POST-EXERCISE NUTRITION GOALS
Updated: Feb 2
- By Annie Bothma
Nutrient timing can help support your training and allow you to achieve your goals. During exercise we lose fluids and electrolytes, we decrease our muscle glycogen storage and we stress our muscles, bones, tendons, ligaments, heart and lungs! Stressing the body needs to be followed with proper recovery to ensure you can reap the rewards of your hard work. This means not only recovering by allowing your body and mind sufficient downtime and rest before you stress it again, but also requires putting back the nutrients you took out of it.
The three biggest nutrition goals that need to be achieved ideally within the first few hours after finishing your workout is to:
1. Rehydrate sufficiently with enough fluids and electrolytes to replace the fluid loss during exercise and achieve an optimal electrolyte balance again in the body.
2. Refuel with carbohydrates to ensure you restock your glycogen storage, stabilize your blood sugar levels and ensure adequate energy for the nervous system and other bodily functions.
3. Repair by consuming a high-quality protein source to alleviate muscle soreness, combat muscle damage, ensure optimal MPS, promote adaptation and speed-up recovery.
REHYDRATE: FLUIDS AND ELECTROLYTES
Consume sufficient fluids to restore sweat loss from training.
Replace the key electrolytes: sodium, potassium, magnesium, chloride & calcium.
Avoid large quantities of plain water to prevent hyponatremia.
Consume an electrolyte beverage instead or add extra salt to your food.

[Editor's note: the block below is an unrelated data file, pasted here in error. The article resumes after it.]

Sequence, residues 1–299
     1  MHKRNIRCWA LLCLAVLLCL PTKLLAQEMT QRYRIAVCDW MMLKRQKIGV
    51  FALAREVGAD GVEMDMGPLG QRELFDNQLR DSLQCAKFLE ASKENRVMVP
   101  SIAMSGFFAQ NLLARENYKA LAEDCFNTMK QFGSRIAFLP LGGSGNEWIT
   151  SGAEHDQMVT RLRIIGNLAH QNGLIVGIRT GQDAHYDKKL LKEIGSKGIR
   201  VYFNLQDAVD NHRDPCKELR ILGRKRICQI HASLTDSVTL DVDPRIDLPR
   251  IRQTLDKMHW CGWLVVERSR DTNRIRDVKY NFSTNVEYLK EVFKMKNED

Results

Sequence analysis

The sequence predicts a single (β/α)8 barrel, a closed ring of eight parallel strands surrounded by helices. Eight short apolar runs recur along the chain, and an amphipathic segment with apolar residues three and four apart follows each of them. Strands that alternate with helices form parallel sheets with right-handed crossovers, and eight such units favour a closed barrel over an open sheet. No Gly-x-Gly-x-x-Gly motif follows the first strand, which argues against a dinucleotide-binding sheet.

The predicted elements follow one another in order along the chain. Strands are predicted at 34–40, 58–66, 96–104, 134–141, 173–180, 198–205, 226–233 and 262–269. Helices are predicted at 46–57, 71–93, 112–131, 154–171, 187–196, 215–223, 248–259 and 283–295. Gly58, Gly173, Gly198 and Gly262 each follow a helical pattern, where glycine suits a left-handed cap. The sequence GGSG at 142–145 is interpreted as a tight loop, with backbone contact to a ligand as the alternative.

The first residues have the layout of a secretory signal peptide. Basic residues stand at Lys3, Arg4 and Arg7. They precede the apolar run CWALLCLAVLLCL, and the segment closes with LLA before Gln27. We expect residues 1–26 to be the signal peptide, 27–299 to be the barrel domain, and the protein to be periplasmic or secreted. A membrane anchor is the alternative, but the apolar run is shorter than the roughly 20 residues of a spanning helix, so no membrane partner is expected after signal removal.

Consume fruits or vegetables with a high fluid content to help restore your fluid balance. For example, watermelon or citrus fruits.
Replenish glycogen stores with carbohydrates.
Refuel as soon as possible, especially if you have a short recovery window and are doing two workouts daily.
Substitute low GI foods for moderate to high GI foods to restore muscle glycogen faster.
Choose foods with low-fibre and moderate fat amounts to increase absorption.
Sports drinks can be a convenient option when appetite is suppressed after hard training. Plus it helps restore your fluid balance.
Rice cakes or crackers
Potatoes or sweet potatoes
Amino acids may be oxidized during training. Therefore, we need to restore them through proper nutrition.
Increased protein synthesis is necessary to repair muscle and tissue damage.
Protein aids in the remodeling of muscle, bone, tendon, and ligaments to better withstand the mechanical stress imposed by athletic training and competition.
Support an optimally functioning immune system.
Choose animals protein sources containing all the key essential amino acids or consume different plant-based proteins to create a complete protein source.
Improve body composition and supports lean muscle gain or maintenance.
Leucine is a branch chain amino acid that may be especially important for muscle protein synthesis.
Animal or plant-based protein powder
QUICK SAMPLE POST-EXERCISE MEALS:
grilled chicken and rice with roasted veggies
egg omelet with avocado toast
salmon with sweet potatoes & green veg
oatmeal, whey protein, berries and almonds
Greek yogurt, berries and granola
quinoa bowl with berries and walnuts
tuna or chicken salad sandwich on whole grain bread
bagel and banana with almond/peanut butter
eggs on toast with avocado or cottage cheese
smoothie bowl made with banana, whey protein, milk, nut butter topped with granola
pancakes topped with berries and pure honey or maple syrup
EASY SNACKS IDEAS:
tuna and crackers
pita and hummus
cereal and milk
protein shake and banana
rice cakes and peanut butter
cottage cheese and fruits
Eggs on corn cakes
Learn how to use smart nutrient timing to get the most out of your training through my program: https://www.anniesathletes.org/product-page/nutrition-timing
Train right & fuel for the work required!